Communications in Mathematics and Statistics

, Volume 1, Issue 2, pp 133–142

# Hölder Continuity of Solutions of SPDEs with Reflection

• Robert C. Dalang
• Tusheng Zhang
Article

## Abstract

In this paper, we obtain the Hölder continuity of the solutions of SPDEs with reflection, which have singular drifts (random measures).

## Keywords

Parabolic obstacle problem Stochastic partial differential equations with reflection Random measure Garsia’s lemma

## Mathematics Subject Classification (2010)

60H15 60F10 60F05

## 1 Introduction and Framework

Consider the following stochastic partial differential equation (SPDE) with reflection: Here $$\dot{W}$$ denotes the space-time white noise defined on a complete probability space $$(\varOmega, \mathcal{F},\{\mathcal{F}_{t}\}_{t\geq0 },P)$$, $$\mathcal{F}_{t}=\sigma(W(s,x): x\in[0,1], 0\leq s\leq t)$$; u 0 is a non-negative continuous function on [0,1], which vanishes at 0 and 1; η(x,t) is a random measure which is a part of the solution pair (u,η); $$\frac{\partial^{2}}{\partial x^{2}}$$ denotes the Laplacian operator on [0,1] equipped with the Dirichlet boundary condition. The coefficients f and σ are measurable mappings from $$\mathbb{R}$$ into $$\mathbb{R}$$. The following definition is taken from [5, 9].

### Definition 1.1

A pair (u,η) is said to be a solution of (1.1) if
1. (i)

u is a continuous random field on $$\mathbb{R}_{+}\times[0,1]$$, u(t,x) is $$\mathcal{F}_{t}$$ measurable and u(t,x)≥0 a.s.

2. (ii)
η is a random measure on $$\mathbb{R}_{+} \times(0,1)$$ such that
1. (a)

η({t}×(0,1))=0, for all t≥0.

2. (b)

$$\int_{0}^{t}\int_{0}^{1} x(1-x)\eta(ds,dx)<\infty$$, for all t≥0.

3. (c)
η is adapted in the sense that for any measurable mapping ψ:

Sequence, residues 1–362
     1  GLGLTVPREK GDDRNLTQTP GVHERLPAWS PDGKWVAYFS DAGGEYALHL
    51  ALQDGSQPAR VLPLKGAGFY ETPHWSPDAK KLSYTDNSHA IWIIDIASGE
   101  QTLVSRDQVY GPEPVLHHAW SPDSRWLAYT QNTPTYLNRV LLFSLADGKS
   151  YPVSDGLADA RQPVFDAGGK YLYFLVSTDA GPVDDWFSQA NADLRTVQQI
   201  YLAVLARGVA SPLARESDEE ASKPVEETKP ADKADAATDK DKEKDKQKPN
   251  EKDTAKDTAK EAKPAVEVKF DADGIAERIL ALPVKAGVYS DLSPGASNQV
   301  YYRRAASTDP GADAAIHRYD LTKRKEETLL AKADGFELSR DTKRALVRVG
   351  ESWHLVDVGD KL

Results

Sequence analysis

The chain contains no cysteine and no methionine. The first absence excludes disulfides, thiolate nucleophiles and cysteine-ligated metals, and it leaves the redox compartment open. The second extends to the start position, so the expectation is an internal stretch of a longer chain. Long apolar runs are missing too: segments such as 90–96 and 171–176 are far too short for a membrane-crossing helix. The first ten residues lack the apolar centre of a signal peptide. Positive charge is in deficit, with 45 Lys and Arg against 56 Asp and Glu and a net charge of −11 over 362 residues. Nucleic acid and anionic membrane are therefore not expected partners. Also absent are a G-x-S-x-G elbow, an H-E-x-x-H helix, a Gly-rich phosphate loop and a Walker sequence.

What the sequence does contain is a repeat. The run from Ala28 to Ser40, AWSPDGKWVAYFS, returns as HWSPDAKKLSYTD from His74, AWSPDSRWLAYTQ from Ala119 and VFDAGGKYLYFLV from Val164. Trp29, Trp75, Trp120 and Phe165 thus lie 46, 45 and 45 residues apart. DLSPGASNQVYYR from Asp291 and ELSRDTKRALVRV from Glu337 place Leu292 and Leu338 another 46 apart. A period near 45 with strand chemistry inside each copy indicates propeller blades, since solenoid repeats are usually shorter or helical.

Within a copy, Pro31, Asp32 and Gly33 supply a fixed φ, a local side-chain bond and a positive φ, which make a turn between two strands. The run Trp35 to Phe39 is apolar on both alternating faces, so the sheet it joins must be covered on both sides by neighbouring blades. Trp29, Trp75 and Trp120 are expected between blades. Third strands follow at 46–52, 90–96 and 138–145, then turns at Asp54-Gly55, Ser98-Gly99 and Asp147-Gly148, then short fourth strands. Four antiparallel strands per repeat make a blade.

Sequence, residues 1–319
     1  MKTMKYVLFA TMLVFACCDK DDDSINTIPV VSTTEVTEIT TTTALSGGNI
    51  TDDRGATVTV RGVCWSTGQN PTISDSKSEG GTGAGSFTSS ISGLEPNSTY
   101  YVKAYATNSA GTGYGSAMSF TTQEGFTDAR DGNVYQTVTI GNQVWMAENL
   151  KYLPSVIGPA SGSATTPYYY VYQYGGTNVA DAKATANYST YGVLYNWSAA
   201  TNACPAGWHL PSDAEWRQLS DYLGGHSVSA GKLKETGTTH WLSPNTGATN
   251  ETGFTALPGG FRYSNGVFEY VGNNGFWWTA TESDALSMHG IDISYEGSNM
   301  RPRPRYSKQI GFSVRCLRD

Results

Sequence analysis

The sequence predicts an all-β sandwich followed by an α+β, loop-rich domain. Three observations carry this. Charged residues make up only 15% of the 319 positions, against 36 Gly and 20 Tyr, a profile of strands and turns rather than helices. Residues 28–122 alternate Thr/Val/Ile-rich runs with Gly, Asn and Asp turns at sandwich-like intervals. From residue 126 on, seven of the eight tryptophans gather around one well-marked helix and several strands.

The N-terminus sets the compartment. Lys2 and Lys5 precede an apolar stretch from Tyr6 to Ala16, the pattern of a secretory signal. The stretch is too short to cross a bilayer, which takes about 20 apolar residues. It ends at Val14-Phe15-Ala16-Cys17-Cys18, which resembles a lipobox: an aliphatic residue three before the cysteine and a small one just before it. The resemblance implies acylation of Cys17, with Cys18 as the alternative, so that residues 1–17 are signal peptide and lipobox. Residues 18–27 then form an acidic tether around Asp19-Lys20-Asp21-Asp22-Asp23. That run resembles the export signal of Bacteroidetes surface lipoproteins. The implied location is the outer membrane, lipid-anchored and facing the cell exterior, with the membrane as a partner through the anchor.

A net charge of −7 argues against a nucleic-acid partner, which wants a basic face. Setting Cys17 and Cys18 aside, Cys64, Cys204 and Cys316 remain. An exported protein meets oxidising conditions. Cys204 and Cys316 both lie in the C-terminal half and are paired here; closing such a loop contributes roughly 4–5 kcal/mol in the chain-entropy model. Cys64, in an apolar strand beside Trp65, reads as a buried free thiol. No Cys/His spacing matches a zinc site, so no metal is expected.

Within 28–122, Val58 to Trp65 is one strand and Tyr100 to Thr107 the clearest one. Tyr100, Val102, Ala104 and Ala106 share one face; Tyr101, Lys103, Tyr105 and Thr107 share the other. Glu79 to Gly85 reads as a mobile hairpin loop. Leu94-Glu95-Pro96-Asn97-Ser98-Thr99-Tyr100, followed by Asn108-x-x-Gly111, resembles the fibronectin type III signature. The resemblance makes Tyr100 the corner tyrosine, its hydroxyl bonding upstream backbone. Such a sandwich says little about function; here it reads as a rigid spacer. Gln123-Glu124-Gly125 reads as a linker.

$$\int_0^t\int_0^1\psi(s,x)\eta(ds,dx)\ \mbox{is}\ \mathcal {F}_t\mbox{-measurable}.$$

3. (iii)
(u,η) solves the parabolic SPDE in the following sense ((⋅,⋅) denotes the scalar product in L 2[0,1]): $$\forall t\in\mathbb{R}_{+}, \phi\in C^{2}_{0}([0,1])$$ with ϕ(0)=ϕ(1)=0,
where u(t):=u(t,⋅).

4. (iv)

Q u=0, where $$Q= \mathbb{R}_{+}\times(0,1)$$.

This equation was first studied by Nualart and Pardoux in [9] when σ(⋅)=1, and by Donati-Martin and Pardoux in [5] for a general diffusion coefficient σ without obtaining the uniqueness and by Xu and Zhang in [12] for general σ with also the proof of the uniqueness. Various properties of the solution of (1.1) were studied later in [4, 6, 8, 13, 14]. SPDEs with reflection can also be used to model the evolution of random interfaces near a hard wall. It was proved by Funaki and Olla in [7] that the fluctuations of a ∇ϕ interface model near a hard wall converge in law to the stationary solution of a SPDE with reflection. We also mention that the random contact set {(t,x);u(t,x)=0} of the solution u was investigated in [4] when σ=1. For stochastic Cahn–Hilliard equations with reflection, see [13].

We assume throughout the paper that the mappings
$$f,\sigma:\mathbb{R} \rightarrow\mathbb{R}$$
are Lipschitz continuous:
The purpose of this paper is to obtain the Hölder continuity of the solution of the SPDE with reflection. This is not trivial because of the singularity introduced by the random measure term in the equation. When the noise is additive (i.e., σ=1), the question of Hölder continuity was investigated in [4], where the Hölder continuity with respect to the space variable was obtained. Regarding the time variable, the authors in [4] only established the following lower bound: